[NOTE: Click the “DOWNLOAD” button to the right to download the config files for this lab]
Transcript: Welcome to the CCDA lab where we’ll be considering DMVPN as a case study. We’ll see how DMVPN allows for zero-touch hub deployment and also how dynamic tunnels are built between spoke sites.
So we have simple lab set up here. We have three routers. This guy is acting as a hub, and then we have two spokes. This is actually just a switch, and I changed the symbol to look like a cloud because in DMVPN we actually are going to be connected usually to an ISP cloud, could be an internet cloud, or something. So I just changed this to look like a cloud. Right.
So let’s look at the configuration. This lab don’t focus on configuration, so it’s already configured, so I’m just going to run through the configuration.
So basically, for DMVPN you can configure your ISKMP policies, you configure your key. In this case we’re using a wildcard key of zero dot zero, so you can match anybody. This is not as secure, but imagine if you have 500 host, the old style of configuring all the keys one by one. That’s why on the hub you usually use a something like a wildcard ISKMP key.
Now you have your transform set here, and then we match it in a profile. Now this is the tunnel, this is where a lot of things are done. So look at the IP address we are using for your tunnel, right? And then look at some … Now some of the things that are important here are the IP NHRP map multicast dynamic, the network-ID, and a couple EIGRP commands. Since we’re using EIGRP to tunnel source, notice that the tunnel mode is GRE multipoint, and then we’re adding IPSEC on top of that. That’s really about it.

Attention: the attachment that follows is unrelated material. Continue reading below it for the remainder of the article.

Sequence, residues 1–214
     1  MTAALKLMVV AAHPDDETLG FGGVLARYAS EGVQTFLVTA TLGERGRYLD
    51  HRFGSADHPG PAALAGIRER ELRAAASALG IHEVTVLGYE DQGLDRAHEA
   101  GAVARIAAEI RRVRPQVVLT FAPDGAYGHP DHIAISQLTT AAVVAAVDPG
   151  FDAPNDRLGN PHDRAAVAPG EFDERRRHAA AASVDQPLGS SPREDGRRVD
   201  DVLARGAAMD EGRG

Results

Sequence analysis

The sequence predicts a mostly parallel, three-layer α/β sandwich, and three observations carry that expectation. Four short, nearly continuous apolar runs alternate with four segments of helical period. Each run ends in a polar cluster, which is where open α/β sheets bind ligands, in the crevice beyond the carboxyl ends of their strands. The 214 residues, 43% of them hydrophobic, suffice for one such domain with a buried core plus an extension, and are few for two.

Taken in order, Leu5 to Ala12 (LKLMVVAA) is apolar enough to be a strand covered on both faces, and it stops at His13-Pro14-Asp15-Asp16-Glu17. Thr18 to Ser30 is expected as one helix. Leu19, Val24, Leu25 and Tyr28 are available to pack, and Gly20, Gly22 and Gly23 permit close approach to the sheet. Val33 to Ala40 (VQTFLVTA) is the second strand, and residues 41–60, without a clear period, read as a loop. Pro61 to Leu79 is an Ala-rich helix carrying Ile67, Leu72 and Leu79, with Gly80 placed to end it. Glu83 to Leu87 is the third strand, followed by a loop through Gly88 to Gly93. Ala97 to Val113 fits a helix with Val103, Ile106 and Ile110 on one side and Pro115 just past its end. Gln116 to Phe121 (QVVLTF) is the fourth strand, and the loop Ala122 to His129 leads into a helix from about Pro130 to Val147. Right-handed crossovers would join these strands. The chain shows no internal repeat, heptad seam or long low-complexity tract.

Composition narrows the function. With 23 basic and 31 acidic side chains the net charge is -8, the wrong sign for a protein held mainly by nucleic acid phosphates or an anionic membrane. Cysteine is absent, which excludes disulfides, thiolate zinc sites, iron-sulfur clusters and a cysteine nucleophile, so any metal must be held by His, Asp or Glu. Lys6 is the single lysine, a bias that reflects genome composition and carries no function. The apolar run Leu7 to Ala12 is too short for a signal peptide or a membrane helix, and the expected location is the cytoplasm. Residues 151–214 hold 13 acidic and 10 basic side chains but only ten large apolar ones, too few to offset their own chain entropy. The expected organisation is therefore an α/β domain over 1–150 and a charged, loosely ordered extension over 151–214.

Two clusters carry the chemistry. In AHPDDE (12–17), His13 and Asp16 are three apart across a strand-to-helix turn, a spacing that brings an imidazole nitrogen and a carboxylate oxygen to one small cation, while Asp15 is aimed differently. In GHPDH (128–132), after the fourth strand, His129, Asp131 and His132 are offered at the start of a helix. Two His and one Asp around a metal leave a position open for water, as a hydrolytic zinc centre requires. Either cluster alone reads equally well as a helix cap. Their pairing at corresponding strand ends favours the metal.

Now for your EIGRP, notice that we are matching the tunnel interface and not the physical interface. That’s very important because you are running EIGRP over the tunnel. So it’s secure over the tunnel. Now remember DMVPN can actually carry multicast traffic so that’s why we can actually run EIGRP over the tunnel. So that’s about it here.
And if I come here, the configuration is similar, so show run. Show irun. Show run. Similar configuration, like I said. We configure our policy key, configure our transform set. Now in the tunnel, in the tunnel configuration, it’s slightly different. Here you’re creating a map between the physical NHS, that’s the server, or the hub. So the tunnel IP address of the hub and the physical IP address of the hub, right? And then you create some other, you match another multicast, then you specify the server. Right. So that then. Good.
So if I were to check show IP route, I would see that 1.1, this is coming from the hub, and 3.3 is coming from the other spoke. A couple of things I’m going to do here [SYSY 00:03:06] is in IPSEC so I can check the IPSEC SA. So right now, you noticed that there’s only one IPSEC SA and it’s with the hub, right? So this is the IP address of the hub, right? I’m sorry, I mean ISKMP SA, right, so that’s ISKMP. Now let’s check the IPSEC SA, and then you also notice it’s only with the hub also, that’s this, and then some packets have been encapsulated and decapsulated so as [inaudible 00:03:34] those are like control packets, like EIGRP, and stuff like that, right?